Researching the literature is a critical step to reporting on various studies and their test methods. You can do this using library resources such as books, ebooks, and online journal articles. Ask your librarian for help getting started!
Some keywords and key phrases you may want to use when searching for articles and data are:
Citations and articles from scientific journals and research publications.
Plagiarizing can get you into big trouble, even if it's unintentional. These videos can help you avoid plagiarism.
Researchers often publish reviews as a way to summarize the current state of a field of study. They usually communicate specific information gleaned from numerous studies. A review is not a publication of primary research.
A review article gives an overview of the published studies on a particular topic. A review article often has an abstract, an introduction, and a list of references, but it does not outline any one study in full.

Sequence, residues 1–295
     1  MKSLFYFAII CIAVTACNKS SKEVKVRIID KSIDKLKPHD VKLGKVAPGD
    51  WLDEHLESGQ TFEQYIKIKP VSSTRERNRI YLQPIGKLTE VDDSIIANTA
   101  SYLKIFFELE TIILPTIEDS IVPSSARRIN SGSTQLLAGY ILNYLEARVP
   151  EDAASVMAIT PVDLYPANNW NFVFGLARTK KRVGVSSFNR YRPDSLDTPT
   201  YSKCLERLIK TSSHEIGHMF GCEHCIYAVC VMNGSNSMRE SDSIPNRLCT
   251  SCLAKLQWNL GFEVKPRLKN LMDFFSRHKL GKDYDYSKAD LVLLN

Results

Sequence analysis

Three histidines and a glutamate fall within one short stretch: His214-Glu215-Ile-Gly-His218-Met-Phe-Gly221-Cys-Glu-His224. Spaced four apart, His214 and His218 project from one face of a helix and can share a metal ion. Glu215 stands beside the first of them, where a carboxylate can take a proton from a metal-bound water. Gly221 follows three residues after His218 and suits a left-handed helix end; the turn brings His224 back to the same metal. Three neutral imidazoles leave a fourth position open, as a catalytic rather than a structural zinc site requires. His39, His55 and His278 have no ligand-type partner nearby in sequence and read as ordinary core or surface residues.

Look for words like review, critical review, literature review, and perspective. These are clues that tell you that you’re probably looking at a review article and not at primary research.
Reading review articles is extremely useful for finding original research. They include a reference list of all the studies reviewed for the article. Often you can track down the original research using this reference list.
Primary research, on the other hand, is a publication of the methods and results from one particular study. Click here to read an example of an primary research article. Notice the sections of the article are very similar to those outlined in the document, "Dissection of Primary Research Article."
Click the link below to read a review article. Using clues in this article, locate one instance of primary literature the authors consulted. See if you can find that primary research article in our school's databases.